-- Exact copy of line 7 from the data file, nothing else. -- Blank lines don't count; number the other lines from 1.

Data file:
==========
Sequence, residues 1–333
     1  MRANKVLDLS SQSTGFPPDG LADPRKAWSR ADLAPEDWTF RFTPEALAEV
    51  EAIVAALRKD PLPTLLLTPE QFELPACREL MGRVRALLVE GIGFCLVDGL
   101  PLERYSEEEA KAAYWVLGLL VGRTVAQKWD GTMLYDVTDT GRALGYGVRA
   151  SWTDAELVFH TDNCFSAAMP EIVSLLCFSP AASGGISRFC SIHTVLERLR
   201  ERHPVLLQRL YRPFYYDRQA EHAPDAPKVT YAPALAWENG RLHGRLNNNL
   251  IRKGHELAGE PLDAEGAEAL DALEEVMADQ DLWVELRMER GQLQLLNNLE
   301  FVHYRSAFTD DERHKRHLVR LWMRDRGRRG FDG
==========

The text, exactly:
   251  IRKGHELAGE PLDAEGAEAL DALEEVMADQ DLWVELRMER GQLQLLNNLE